Service Coordination in HUD Housing During the COVID-19 Pandemic: Bridging the Gap

Samara Scheckler, Jennifer Molinsky

During the COVID-19 pandemic, service coordinators increased the capacity of a large and diffuse inter-organizational network to support lower-income older adults. Researchers conducted two surveys of service coordinators who worked with older residents of US Department of Housing and Urban Development (HUD) multifamily properties in mid-2020 and late-2021. These residents experienced many pandemic-related disruptions to their support systems, and findings revealed ways that service coordinators assessed resident need, linked them to public benefits programs, improved their access to technology, translated public health responses, and facilitated access to partner organizations and professional supports. Through assessment and communication, and decision-management and problem solving, service coordinator work increased the efficiency and effectiveness of external supports available to help meet residents’ needs for food, medicine, supplies, personal care, and mental and physical healthcare. With an aging population and an increasing rate of unpredictable weather events, service coordination, which is inconsistently funded and is not mandated for HUD properties, may offer an opportunity to improve the adaptability and resilience of older supported housing residents.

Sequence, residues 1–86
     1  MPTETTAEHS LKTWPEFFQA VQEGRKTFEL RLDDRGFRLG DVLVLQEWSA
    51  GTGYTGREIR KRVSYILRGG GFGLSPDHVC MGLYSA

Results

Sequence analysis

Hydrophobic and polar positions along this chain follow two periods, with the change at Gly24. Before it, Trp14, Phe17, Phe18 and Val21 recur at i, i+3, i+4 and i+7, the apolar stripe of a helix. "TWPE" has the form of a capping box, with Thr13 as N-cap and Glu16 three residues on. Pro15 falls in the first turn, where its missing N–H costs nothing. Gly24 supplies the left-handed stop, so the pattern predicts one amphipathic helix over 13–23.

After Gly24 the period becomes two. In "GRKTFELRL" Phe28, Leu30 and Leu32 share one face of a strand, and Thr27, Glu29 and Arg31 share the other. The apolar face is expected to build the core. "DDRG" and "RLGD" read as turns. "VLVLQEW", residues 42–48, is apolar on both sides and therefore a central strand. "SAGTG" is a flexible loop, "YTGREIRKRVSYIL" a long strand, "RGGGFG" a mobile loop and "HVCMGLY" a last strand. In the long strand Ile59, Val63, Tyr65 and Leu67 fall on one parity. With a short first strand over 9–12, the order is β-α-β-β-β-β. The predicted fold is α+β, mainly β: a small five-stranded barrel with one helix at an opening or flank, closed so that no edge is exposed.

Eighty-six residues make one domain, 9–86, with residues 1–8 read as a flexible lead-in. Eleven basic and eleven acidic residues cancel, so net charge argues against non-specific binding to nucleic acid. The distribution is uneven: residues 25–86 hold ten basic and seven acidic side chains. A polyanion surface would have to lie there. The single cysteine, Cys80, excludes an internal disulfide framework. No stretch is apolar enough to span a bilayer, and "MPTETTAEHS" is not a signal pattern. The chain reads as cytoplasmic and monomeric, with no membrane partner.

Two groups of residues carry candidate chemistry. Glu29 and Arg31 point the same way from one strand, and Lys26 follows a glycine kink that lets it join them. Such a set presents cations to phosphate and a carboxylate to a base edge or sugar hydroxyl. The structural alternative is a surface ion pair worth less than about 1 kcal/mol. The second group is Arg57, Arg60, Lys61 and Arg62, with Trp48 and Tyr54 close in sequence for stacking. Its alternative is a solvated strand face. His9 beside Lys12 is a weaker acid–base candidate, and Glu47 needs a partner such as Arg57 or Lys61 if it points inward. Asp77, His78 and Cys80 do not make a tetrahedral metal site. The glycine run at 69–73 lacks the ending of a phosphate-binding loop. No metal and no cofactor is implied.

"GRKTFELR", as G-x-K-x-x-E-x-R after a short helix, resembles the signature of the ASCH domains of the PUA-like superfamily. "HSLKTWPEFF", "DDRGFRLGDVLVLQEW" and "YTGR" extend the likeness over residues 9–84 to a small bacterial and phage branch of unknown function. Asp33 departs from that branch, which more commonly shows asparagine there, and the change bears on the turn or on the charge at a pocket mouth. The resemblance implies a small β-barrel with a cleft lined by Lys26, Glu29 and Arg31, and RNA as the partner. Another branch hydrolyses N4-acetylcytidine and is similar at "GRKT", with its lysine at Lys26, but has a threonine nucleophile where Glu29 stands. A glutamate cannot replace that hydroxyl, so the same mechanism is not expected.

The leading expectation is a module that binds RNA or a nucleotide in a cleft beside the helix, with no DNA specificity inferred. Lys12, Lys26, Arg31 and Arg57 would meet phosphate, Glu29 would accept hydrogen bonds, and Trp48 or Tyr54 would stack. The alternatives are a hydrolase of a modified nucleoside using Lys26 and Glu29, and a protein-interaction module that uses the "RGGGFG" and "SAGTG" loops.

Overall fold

This paper was originally published in Journal of Gerontological Social Work.